Ministry told to clear air over DLP status

Noor-Azimah-Rahim-English-teachers-must-know-what-to-teach-1PETALING JAYA: The Education Ministry has been urged to clear the confusion over the current status of the dual language programme (DLP) in schools.

Referring to reports about the postponement of the DLP for Primary One, Primary Four and Form 1, Parent Action Group for Education (Page) chief Noor Azimah Rahim noted that there had been no official announcement from the ministry.

Schools have the option to either run or dispense with the DLP, which allows students to study mathematics and science in either Bahasa Malaysia or English.

The general public was recently alerted to the alleged postponement by one “Cikgu Nurul” through a blog posting. The blogger said the “sudden postponement” had raised concerns in schools that had already implemented the programme.

Subsequently, a news report quoting an unidentified state education department official said the programme had been shelved.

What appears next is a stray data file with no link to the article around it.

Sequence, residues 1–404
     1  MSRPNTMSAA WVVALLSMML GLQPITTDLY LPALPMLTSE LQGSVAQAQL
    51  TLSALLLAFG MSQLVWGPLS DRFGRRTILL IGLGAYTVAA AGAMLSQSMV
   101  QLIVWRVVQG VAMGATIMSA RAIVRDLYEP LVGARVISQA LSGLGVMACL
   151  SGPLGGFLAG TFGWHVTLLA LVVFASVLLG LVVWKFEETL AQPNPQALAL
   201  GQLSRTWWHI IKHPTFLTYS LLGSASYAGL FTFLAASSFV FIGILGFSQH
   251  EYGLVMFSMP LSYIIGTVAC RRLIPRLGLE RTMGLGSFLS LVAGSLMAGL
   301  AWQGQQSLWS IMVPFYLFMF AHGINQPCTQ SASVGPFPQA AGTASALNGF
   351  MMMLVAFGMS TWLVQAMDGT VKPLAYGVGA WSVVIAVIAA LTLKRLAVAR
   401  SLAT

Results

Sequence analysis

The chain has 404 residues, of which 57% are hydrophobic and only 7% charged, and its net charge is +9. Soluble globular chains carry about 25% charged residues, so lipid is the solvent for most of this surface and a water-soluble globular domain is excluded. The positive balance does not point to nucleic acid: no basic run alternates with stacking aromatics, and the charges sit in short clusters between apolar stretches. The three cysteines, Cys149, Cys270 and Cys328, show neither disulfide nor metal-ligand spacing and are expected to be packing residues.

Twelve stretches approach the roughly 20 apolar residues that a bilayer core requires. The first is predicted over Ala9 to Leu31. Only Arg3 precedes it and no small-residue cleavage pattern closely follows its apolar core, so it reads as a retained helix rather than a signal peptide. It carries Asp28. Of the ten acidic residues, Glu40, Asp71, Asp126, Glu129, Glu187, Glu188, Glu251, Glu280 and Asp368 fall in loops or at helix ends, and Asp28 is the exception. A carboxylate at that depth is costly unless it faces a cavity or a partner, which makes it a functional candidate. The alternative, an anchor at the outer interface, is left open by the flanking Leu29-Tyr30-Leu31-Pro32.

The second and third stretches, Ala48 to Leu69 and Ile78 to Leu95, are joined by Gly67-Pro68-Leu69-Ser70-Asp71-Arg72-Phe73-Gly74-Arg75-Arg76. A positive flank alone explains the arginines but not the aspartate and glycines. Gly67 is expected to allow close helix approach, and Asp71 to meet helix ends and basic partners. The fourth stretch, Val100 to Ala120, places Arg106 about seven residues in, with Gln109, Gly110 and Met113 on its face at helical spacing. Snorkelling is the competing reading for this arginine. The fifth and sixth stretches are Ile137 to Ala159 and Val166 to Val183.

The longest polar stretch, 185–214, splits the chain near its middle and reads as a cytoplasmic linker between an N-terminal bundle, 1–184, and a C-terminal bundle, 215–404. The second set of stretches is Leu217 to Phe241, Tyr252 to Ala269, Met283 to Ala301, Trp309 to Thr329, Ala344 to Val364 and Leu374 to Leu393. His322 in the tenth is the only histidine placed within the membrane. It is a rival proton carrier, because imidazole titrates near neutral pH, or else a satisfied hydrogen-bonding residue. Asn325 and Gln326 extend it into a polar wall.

Parents have turned to social media to complain about being kept in the dark.

Noor Azimah told FMT she believed there was a great demand from parents for the continuation of the programme.

She said it was unclear for how long the programme would be postponed.

“The education ministry should explain the true situation to parents,” she said. “There appears to be a lack of planning and this has marred the image of the ministry.”

She also spoke of schools that had applied to be DLP schools but had yet to receive a response from the ministry.

One of the parents who complained through social media, Mohd Asrul Mohd Noor, said he might pull his child out of DLP if the programme was not reinstated within two months. He said he feared the child would have problems catching up with his lessons.

Another parent, Richard Elias, said he could “no longer accept surprises” from the government. “What is wrong with the education ministry?” he wrote. He has daughters in Primary Two and Three.

Another parent, Warda Aina, said the lack of an official statement was “totally ridiculous”.

“Didn’t they have any long-term plan when they first wanted to implement it?” she asked, adding that she resented having her children treated like lab rats.

It has been reported that 1,593 schools had implemented DLP by the end of 2017.

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